Maine’s summer camps provide more than just fun. There’s money to be made, as well.

Summer camps generate a total economic impact of $332 million, including payroll, benefits and goods and services bought by the camps that range from bug spray to fuel to food, according to a study by Planning Decisions Inc. A 2005 study found that the economic impact was $245 million. The economic impact report was commissioned by the American Camp Association.

The study found that the economic impact of the summer camp industry was about 90 percent as large as Maine’s boatbuilding sector, about 40 percent as big as the value of the annual lobster landings and about 34 percent as large as the state’s commercial logging sector.

Maine’s 330 day and residential camps have 500 full-time employees and 10,500 seasonal workers. The combination of their annual operational and capital spending, plus the spending of the more than 45,000 out-of-state visitors amounts to more than $171 million for the Maine economy, the study found.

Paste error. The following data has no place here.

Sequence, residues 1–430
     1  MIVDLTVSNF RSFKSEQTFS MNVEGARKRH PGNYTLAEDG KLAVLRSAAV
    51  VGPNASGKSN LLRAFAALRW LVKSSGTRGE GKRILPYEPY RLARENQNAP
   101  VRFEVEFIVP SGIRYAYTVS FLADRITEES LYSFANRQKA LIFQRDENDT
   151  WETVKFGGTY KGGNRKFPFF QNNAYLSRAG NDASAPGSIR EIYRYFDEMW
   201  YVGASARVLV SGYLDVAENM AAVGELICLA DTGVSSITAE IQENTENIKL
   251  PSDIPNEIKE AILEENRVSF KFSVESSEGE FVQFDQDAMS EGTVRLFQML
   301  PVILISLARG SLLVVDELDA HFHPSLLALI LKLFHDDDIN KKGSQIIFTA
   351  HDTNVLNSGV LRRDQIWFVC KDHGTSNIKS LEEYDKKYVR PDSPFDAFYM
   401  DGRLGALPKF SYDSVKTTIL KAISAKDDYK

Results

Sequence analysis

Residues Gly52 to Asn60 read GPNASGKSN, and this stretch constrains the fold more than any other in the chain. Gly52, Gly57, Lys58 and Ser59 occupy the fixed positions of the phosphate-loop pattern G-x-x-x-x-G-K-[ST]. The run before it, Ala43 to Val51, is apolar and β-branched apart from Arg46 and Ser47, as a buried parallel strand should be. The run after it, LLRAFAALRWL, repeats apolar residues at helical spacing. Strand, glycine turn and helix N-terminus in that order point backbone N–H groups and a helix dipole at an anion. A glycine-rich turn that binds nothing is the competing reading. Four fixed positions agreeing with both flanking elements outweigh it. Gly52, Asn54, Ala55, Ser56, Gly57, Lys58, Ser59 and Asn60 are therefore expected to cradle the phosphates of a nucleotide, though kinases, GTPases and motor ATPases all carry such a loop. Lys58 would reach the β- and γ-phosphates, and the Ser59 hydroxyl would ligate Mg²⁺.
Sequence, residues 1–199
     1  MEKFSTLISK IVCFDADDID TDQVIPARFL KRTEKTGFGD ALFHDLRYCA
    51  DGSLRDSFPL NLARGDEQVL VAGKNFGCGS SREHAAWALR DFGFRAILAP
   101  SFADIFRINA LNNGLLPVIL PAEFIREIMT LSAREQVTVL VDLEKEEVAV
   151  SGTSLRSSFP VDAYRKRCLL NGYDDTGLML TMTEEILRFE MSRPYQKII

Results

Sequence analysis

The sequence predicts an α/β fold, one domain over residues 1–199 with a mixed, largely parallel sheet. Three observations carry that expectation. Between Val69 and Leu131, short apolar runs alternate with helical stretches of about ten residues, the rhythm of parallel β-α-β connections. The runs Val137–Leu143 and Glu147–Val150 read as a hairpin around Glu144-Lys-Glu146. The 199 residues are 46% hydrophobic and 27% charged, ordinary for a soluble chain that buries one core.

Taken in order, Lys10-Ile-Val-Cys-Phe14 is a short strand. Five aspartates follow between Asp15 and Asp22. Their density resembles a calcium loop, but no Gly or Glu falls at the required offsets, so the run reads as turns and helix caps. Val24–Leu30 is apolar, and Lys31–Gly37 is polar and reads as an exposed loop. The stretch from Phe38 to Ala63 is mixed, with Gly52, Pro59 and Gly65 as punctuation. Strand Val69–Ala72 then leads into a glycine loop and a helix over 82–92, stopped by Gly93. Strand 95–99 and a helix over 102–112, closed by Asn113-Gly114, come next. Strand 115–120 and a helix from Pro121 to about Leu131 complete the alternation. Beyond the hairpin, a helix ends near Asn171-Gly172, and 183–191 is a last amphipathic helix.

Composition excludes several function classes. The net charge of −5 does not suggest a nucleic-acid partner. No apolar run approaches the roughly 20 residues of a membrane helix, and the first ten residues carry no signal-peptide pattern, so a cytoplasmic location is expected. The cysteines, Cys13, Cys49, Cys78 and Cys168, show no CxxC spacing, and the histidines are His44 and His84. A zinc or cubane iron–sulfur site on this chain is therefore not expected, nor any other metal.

For camps running in the nine states from New Jersey to Maine, the economic benefit totals $3.2 billion, the study found. There are 7,000 camps in the Northeast that employ 190,000 workers seasonally and 11,000 full-time. Those workers receive more than $900 million in wages. The bulk of the seasonal jobs are held by 16- to 24-year-olds.